Acidification and tropospheric ozone in Europe: towards a dynamic economic analysis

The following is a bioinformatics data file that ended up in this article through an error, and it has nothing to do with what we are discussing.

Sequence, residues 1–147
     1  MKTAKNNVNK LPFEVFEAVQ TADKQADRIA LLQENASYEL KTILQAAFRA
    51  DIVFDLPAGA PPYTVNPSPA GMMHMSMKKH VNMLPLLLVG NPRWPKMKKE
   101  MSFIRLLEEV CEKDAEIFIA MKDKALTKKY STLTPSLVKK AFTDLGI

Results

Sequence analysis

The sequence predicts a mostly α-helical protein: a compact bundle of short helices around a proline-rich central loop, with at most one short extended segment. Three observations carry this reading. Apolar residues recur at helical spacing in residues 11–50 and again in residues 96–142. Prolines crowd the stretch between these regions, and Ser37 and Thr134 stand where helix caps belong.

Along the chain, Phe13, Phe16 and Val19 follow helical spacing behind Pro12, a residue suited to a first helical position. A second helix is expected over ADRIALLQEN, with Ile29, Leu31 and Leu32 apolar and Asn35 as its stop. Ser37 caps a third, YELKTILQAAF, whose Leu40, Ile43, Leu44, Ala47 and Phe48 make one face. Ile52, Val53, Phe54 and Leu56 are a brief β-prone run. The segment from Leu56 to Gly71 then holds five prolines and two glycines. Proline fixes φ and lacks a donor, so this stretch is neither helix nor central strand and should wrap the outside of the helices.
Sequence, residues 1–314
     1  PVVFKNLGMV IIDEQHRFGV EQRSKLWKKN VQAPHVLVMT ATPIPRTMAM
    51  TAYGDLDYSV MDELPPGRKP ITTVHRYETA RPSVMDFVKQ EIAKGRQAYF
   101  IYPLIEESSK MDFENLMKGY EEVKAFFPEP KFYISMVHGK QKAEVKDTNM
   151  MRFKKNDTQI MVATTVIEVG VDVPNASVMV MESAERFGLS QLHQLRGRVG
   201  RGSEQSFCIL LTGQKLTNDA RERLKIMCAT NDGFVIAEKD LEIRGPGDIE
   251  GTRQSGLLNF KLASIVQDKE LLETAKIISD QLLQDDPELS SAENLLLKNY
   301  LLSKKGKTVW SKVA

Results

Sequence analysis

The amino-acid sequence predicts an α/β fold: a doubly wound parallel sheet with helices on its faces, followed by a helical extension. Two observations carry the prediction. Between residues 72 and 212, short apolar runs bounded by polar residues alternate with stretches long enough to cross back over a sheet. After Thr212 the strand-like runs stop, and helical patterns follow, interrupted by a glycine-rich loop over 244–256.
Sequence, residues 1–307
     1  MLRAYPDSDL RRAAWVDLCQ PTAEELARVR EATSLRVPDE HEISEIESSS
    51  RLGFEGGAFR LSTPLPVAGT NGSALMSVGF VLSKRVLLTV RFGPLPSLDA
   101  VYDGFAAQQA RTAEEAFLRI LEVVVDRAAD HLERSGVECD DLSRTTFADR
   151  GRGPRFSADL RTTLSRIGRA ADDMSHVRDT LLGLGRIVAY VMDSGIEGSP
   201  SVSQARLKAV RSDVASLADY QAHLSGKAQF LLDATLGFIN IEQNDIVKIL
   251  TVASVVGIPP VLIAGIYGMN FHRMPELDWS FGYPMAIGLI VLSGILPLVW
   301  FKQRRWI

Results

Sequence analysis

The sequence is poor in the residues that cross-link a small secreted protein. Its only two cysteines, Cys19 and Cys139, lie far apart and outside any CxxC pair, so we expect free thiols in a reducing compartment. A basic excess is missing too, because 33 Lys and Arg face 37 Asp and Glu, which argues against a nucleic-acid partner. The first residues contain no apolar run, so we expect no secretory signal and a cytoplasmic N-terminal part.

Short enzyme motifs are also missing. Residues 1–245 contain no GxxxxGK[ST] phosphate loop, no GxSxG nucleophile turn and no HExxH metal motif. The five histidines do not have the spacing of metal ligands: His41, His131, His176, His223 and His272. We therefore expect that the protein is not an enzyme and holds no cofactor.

E.C. Schmieman

Research output: Thesisinternal PhD, WU